One of my mentors reminds that if you do what is hard, your life will be easy. Good advice. As it turns out, the opposite of that is true as well. If you do what is easy, your life will be hard. How's that?
When it comes to building things, it turns out that building walls is easy, but building bridges is hard.
While I certainly hope Old Man Winter stays away as long as possible this year, I can’t help thinking of the giant piles of snow you may see at the end of a driveway or in a parking lot. Those piles make great walls, don’t they? But have you ever seen a bridge made from snow connecting two piles of snow? I know I have not.
Throughout my career, I have had several key conversations that have greatly impacted my perspective and changed the care I provide for the better. One of those conversations came on a day when I was working with my colleague, Scott, in Erie, Pennsylvania. On that day, there was a seemingly endless stack of prescriptions to prepare, and in my youth and inexperience, I probably said something which reflected those two traits. Scott reminded me that so many of the patients coming to the pharmacy do so after getting some life-changing news. Maybe a new diagnosis. Maybe news of a condition that is spreading or worsening. It could be any number of things. Scott taught me that lesson to help me develop some empathy. But let’s consider the patient a little more. What happens when they get bad news? They shut down. They build a wall.
It’s like when Captain Kirk encounters something new and suspicious. He calls for the shields on the Enterprise to be raised. People are much like this.
As I write this article, two weeks ago my daughter, Taryn, fell and broke not one but both wrists. The next morning my wife took Taryn to get x-rays. (In full transparency, my wife is the much more competent parent of the two of us.) So, imagine my surprise when they got home, and I asked for a full report and my wife told me that once she heard that both wrists were broken, she zoned out! No idea what the next steps where. No clue as to who was supposed to do what. Nothing. She put up a wall. For those of you wondering, my daughter listened long enough to confirm that she didn’t need to go to school for the next couple days, and smiled.)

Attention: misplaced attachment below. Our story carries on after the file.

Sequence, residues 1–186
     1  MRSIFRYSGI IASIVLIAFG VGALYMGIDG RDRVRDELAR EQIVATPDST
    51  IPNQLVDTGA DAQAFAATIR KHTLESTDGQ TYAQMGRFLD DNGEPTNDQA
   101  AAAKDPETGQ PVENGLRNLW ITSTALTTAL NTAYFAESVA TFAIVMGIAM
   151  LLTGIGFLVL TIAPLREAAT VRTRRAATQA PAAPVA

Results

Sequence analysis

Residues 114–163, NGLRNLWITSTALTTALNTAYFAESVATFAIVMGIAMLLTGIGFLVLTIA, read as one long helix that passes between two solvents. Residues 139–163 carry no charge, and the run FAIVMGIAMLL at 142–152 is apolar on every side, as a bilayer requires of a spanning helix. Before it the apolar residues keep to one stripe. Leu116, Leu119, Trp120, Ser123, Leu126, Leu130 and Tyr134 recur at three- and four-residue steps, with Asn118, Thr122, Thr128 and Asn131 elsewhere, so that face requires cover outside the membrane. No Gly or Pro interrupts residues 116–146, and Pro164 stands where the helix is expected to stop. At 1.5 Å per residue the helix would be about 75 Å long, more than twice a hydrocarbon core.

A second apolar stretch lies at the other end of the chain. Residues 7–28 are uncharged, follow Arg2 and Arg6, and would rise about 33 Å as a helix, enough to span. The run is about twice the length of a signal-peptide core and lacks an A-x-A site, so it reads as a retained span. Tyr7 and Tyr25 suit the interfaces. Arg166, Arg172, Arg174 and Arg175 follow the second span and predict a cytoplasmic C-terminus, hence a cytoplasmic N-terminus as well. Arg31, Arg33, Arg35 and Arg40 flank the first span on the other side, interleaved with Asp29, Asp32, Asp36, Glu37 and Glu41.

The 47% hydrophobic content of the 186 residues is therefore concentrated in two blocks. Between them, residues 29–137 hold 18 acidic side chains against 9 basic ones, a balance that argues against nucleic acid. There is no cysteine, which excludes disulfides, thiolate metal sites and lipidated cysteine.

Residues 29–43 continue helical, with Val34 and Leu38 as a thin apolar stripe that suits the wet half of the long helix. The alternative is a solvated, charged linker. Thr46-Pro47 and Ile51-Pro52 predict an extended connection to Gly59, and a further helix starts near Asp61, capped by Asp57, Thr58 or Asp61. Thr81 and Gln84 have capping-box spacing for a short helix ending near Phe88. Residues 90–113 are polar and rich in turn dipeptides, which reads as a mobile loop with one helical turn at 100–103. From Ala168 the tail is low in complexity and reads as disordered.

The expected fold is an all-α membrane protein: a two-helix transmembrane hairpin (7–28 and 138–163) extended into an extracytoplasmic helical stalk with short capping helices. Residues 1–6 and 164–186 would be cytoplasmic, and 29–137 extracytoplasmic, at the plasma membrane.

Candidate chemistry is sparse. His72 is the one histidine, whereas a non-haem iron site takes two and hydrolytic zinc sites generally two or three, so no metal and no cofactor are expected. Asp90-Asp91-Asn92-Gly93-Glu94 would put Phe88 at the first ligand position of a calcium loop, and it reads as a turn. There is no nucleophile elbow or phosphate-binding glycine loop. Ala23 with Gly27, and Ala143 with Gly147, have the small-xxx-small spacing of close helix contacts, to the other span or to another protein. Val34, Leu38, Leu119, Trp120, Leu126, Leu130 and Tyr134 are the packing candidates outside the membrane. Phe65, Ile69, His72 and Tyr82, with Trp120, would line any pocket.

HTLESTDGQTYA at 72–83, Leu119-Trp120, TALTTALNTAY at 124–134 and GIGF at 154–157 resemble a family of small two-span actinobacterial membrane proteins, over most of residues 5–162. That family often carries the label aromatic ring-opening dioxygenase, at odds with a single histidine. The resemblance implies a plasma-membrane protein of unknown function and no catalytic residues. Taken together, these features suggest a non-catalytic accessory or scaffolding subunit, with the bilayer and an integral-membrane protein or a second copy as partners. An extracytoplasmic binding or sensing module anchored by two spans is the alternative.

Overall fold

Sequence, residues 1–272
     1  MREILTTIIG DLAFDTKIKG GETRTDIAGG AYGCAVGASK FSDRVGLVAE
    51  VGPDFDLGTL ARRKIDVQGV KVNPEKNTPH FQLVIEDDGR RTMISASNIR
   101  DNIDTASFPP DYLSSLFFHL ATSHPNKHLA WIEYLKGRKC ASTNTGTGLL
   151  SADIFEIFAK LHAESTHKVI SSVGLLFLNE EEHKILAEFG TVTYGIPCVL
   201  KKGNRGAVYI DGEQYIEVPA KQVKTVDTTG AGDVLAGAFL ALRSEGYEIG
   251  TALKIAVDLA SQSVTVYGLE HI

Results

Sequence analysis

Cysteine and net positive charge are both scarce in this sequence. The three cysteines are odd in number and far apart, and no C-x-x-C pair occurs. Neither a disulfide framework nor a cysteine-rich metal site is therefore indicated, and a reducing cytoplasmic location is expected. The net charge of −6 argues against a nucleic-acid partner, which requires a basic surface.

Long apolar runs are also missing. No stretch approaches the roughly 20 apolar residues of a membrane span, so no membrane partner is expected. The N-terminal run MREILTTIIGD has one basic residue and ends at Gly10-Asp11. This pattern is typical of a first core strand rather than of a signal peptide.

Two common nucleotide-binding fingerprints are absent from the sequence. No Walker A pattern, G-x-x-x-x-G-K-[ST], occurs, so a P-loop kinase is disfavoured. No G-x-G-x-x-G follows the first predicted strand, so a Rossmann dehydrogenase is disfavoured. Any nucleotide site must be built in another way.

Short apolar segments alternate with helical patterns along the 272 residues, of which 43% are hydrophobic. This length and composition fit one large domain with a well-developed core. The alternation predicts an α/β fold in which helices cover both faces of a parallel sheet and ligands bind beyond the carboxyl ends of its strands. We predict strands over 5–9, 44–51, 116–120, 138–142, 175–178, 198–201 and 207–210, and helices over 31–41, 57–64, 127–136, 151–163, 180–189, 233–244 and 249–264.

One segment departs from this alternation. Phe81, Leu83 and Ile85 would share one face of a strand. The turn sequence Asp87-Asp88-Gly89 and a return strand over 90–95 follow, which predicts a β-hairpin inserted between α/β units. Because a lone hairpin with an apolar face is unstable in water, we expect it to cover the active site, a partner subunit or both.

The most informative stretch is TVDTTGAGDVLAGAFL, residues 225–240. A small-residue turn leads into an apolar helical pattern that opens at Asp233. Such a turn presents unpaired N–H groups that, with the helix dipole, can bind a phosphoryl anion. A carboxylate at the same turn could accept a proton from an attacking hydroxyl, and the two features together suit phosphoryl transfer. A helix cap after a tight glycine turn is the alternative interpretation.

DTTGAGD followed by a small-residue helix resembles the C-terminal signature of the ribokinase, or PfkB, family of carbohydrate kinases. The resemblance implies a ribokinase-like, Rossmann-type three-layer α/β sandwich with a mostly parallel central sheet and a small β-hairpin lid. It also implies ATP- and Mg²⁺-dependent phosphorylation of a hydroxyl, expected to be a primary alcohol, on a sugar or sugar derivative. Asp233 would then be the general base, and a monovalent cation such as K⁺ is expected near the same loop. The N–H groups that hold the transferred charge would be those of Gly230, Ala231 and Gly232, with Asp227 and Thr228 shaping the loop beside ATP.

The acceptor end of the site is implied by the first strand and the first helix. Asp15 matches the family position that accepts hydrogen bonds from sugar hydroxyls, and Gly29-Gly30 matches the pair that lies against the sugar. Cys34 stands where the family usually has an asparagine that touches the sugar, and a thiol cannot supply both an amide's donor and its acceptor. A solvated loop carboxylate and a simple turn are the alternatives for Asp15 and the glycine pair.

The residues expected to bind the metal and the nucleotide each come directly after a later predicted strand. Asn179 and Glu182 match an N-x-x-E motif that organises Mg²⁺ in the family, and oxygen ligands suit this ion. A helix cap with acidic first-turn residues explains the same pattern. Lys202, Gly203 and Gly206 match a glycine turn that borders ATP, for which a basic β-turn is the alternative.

This is what happens to patients all the time. They get some news, then get all sorts of information and instructions dumped on them for what they need to do, and they don’t do any of it! They put the shields up. They build a wall.
Recently, I was part of a conversation with an oncologist in California who commented that he can’t get patients to get lab work done. “I’m only trying to save your life!” he said humorously. Yet the reality is his patients show up without have steps completed to advance the therapy.
That story reminds me of other lessons we can look at (the lesson of trying and the leadership lens). Note to self: we will get those on the list to discuss soon if we haven’t discussed them here before.
Essentially what this physician was saying is: “I don’t know how to lead my patients to get them to do what I want them to do.” We know this is the Forbidden Phrase of Leadership.
The patient gets bad news, and the walls go up. It’s the easiest thing to do.
If you, or someone you know, has ever built anything with Lego bricks, it is obvious the wall is about the most basic thing you can build. There are tons of Lego sets of buildings with walls. But there are very few bridges.
As leaders, we need to get people to move. We need to lead people from where they are to a better place. Let me remind you just in case you forgot: You are a leader. You are a leader who is getting better!
Leaders know the way, show the way, and go the way, as John Maxwell often says.
But if you are going to do that, you must be able to get to the other person.
You need to build a bridge.
In the real world, building a bridge takes engineers and raw materials and time. In the leadership world, it takes the ability to communicate effectively, to establish and build a relationship, and time.
It has become painfully obvious to me over the last seven years or so that this is a skill that we all need to get better at. I put myself at the front of the line. I freely admit my skills are not what I want them to be. If I were a betting man, I would bet that even if you are confident in your relationship building skills, you will likely admit that you would still like to get better.
So, how are you at building bridges? I encourage you to invest in building bridges with your staff, with your colleagues and with your patients. It will be difficult, but you will be so glad that you did. Remember, if you do what is hard, your life will be easy, but if you do what is easy, your life will be hard.
Until next time –
Jesse McCullough, PharmD
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